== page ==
Technology is wonderful for many things: sending pictures, seeing who is on your doorstep, and preheating your oven before you get home. But, it can’t always be completely trusted–like in this episode of The Office.
See what we mean? While GPS has gotten us all where we wanted to go at one time or another, are we ready to turn the steering wheel over to a car’s brain completely? While turning ourselves over to GPS is a far cry from getting into a car and telling it to drive to Grandma’s house, technology is becoming more and more pervasive in our cars. Self-driving cars are no longer a dream of science fiction, they seem to be just around the corner.
There are two categories of self-driving cars:
- Driver Support
- Autonomous Systems
You are probably fairly familiar with driver support technology if you’ve ever used cruise control. Still, driver support technology has adapted and improved over the years. The seat might buzz if it senses you drifting from your lane, or the steering wheel does some self-correcting when it feels the car wandering.
Driver support isn’t just about driving. Music can be supportive, too! And the hands-free BlueTooth technology makes communicating as we drive even easier. Now we can call our mother (which you should probably do today, by the way) on our commute and skip that song that you’ve heard far too many times.
Driver support technology is designed to help the driver do their job more easily and effectively. An autonomous system has the goal of taking more responsibility from the driver and, eventually, driving completely independently. Before you start dreaming about taking a nap as your car drives you to work, let’s explore the different levels of autonomous systems as they exist today:
Here, the car offers you no support at all, besides a cheerful reminder as some moral support. It might beep or sound an alarm if there is a car in the next lane or you are wandering off, but the car can’t correct you, just give you a little nudge to do it yourself.
Now your car is entering nosy in-law status. You are still completely in charge, but it might intervene just a little. This is the technology that can steer you back to the center of the lane if it senses you wandering. But, unlike an in-law, it isn’t judging you, just kindly assisting you.
This is as high as we currently have in the American market. Level Two takes it to the level of multiple systems that can talk to each other. For example, the car can bring you back to the center of the lane as well as keep you at a safe distance from the car in front of you when using cruise control. While this is handy, you still need your hands on the wheel and your eyes on the road. Minor distractions might not be as dangerous, but you aren’t in an auto-pilot car of the future quite yet.
Some Level Three vehicles are available for lease internationally but are still not approved in America. These cars can drive themselves in limited conditions, such as backed-up traffic, but cannot drive themselves on the highway. They allow the driver to take their hands off the wheel when backed up and not moving much. Maybe just enough time for that Sudoku game!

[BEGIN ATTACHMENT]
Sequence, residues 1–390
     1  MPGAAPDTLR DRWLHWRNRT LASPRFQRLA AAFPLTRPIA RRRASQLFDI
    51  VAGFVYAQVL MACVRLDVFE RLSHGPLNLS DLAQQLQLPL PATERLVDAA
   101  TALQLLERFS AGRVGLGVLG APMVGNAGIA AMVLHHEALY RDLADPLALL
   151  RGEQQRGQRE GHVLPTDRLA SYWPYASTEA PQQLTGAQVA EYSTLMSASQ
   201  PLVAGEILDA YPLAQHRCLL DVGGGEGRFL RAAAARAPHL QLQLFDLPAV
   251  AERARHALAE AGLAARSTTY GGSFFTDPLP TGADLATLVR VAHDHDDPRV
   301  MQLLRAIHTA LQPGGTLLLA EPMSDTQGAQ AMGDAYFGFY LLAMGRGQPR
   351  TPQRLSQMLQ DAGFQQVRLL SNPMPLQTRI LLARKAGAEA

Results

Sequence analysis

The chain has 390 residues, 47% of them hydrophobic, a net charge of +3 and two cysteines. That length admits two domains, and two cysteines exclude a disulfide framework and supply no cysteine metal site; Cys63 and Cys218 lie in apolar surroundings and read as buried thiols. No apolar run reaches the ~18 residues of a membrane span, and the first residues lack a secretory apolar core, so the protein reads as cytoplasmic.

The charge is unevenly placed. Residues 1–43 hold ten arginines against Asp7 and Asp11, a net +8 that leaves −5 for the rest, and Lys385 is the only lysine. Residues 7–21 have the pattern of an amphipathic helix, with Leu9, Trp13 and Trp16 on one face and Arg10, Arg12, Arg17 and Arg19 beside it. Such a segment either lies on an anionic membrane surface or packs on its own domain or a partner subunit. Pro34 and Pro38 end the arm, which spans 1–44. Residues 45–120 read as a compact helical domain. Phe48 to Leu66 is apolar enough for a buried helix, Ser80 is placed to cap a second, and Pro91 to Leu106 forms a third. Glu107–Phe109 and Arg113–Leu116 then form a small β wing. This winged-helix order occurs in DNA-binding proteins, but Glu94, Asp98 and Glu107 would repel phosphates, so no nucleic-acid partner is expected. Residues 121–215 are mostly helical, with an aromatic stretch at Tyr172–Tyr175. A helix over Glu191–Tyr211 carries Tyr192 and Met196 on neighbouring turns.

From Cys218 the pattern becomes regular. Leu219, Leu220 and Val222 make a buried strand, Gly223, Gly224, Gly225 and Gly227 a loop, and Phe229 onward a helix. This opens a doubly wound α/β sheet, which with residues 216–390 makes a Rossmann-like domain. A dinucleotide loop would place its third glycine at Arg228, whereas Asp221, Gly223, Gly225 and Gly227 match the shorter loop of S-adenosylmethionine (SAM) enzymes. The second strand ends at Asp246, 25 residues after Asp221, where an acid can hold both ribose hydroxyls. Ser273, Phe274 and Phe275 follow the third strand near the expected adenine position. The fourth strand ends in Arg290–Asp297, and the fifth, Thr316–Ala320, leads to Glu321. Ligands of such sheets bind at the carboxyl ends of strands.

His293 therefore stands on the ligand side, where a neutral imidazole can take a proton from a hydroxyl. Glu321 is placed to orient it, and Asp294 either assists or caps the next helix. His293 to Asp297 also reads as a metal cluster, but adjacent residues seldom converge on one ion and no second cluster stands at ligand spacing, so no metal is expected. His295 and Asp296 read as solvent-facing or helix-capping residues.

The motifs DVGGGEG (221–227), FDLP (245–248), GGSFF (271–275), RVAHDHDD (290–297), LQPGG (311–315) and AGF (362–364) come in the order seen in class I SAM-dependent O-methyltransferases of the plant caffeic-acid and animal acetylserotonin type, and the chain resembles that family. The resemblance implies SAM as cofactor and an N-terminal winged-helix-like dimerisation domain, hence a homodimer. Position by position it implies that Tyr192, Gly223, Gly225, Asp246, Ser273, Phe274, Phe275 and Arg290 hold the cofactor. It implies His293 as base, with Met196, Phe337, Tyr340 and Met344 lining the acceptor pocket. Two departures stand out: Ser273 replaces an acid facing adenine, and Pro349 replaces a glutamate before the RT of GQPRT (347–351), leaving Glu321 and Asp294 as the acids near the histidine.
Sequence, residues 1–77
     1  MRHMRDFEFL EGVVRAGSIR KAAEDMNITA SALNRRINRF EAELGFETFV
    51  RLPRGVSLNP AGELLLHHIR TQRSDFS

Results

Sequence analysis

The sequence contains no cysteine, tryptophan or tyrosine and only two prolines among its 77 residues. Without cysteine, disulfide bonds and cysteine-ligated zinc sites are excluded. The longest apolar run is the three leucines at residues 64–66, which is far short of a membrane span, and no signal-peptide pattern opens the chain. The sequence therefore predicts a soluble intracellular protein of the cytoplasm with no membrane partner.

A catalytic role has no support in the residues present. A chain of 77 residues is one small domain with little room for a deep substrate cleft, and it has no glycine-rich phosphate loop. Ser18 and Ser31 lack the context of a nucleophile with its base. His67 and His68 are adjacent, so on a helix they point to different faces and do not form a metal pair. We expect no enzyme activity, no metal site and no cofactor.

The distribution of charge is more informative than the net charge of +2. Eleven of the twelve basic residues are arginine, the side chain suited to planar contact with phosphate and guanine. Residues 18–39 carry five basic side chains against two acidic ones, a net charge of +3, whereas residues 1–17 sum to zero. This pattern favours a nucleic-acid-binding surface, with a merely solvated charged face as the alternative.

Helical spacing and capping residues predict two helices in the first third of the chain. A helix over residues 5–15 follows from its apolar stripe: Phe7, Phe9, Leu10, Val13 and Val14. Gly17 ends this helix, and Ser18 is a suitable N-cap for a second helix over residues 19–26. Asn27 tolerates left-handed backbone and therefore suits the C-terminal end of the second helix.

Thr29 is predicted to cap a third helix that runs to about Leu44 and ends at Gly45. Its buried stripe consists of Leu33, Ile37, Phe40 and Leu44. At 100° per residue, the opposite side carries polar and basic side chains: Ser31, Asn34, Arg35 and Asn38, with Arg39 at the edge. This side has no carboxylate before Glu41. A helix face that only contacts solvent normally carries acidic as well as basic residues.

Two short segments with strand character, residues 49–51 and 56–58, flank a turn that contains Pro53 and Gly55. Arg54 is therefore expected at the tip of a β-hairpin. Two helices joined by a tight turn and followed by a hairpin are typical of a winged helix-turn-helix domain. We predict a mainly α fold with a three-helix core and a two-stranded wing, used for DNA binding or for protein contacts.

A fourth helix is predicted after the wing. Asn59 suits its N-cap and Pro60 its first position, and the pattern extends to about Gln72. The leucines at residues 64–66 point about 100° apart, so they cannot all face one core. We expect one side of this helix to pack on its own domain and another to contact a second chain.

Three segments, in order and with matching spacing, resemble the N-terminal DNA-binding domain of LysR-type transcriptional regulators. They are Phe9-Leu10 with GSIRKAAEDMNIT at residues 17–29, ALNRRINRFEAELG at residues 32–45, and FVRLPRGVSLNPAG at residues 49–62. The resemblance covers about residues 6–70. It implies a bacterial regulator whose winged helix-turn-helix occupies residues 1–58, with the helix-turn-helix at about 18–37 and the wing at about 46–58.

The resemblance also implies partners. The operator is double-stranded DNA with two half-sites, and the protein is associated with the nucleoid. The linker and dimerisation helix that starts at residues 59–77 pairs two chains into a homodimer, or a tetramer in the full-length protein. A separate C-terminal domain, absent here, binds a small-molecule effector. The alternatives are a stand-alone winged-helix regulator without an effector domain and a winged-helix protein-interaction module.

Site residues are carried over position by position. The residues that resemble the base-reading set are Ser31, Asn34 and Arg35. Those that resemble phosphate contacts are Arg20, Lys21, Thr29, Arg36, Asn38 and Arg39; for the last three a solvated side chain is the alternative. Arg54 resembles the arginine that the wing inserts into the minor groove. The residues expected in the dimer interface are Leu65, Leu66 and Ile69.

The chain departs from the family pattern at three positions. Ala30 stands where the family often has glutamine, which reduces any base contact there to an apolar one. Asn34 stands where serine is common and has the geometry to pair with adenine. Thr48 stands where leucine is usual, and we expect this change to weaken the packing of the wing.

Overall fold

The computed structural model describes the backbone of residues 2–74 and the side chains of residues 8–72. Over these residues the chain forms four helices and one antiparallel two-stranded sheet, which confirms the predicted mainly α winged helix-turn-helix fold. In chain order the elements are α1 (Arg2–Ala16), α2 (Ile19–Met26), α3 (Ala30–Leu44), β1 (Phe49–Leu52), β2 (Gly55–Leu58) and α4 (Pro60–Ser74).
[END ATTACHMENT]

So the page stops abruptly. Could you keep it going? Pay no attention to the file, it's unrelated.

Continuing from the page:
This level does mean the driver can take their hands off the wheel and their eyes off the road on frequently traveled routes. It takes some programming but could work well for a regular commute. Still, manual override is possible, and the driver will need to take over the wheel if heading on a new route or unknown route. That’s a good thing since it lowers your chances of ending up in a lake.
Level Five cars are fully autonomous, and, unfortunately, you won’t find them in any car dealerships in Utah or anywhere else–at least not yet. However, they’re getting closer to reality year by year.
This is the self-driving car we imagine, where you plug in your destination, pop in a movie, and watch the miles go by without a worry. A Level Five self-driving car is completely automated, with no driver input needed to maneuver in traffic, adjust speed, and reroute as needed. It’s an amazing idea, and we’re excited to introduce our customers to these fully autonomous cars some day soon. But first, the great minds will hopefully figure out how to make it easier to open those produce bags at the grocery store.
What about Tesla’s “Full Self-Driving” Features?
If you own a Tesla, or are looking into buying one, you’re probably wondering where their “full self-driving” claim fits in. After all, their Autopilot Suite of Advanced Driving Assistance Systems allows their cars to navigate highways, city streets, and neighborhoods. They can engage your turn signal, exit the freeway at just the right place, move into the adjacent lane (when you engage the turn signal), detect traffic lights and stop as appropriate, move your vehicle in and out of cramped parallel parking spaces, and more!
Right now, you’ll still need to pay attention to the road and keep one hand on the steering wheel when driving even the newest Tesla iterations, so they don’t fit the strict definition of fully autonomous. However, Tesla maintains that their technologies are quickly becoming more capable and that they have equipped their cars with the software and hardware to become fully self-driving in the future.
At TJ Chapman, we’re proud to sell more rebuilt Teslas than any other dealer in the country. When you come into our rebuilt title car dealership in Utah, we can help you get in on this exciting technology that is quickly building toward Level Five cars.
Until we’re fully there, it is important to remember that the most important thing you do in a car is to drive it. While changing the music, buying movie tickets, and calling your mother (seriously, how long has it been since you talked to her?) are wonderful, keep those eyes on the road, hands on the wheel, and no matter what GPS says. . . do not drive into a lake.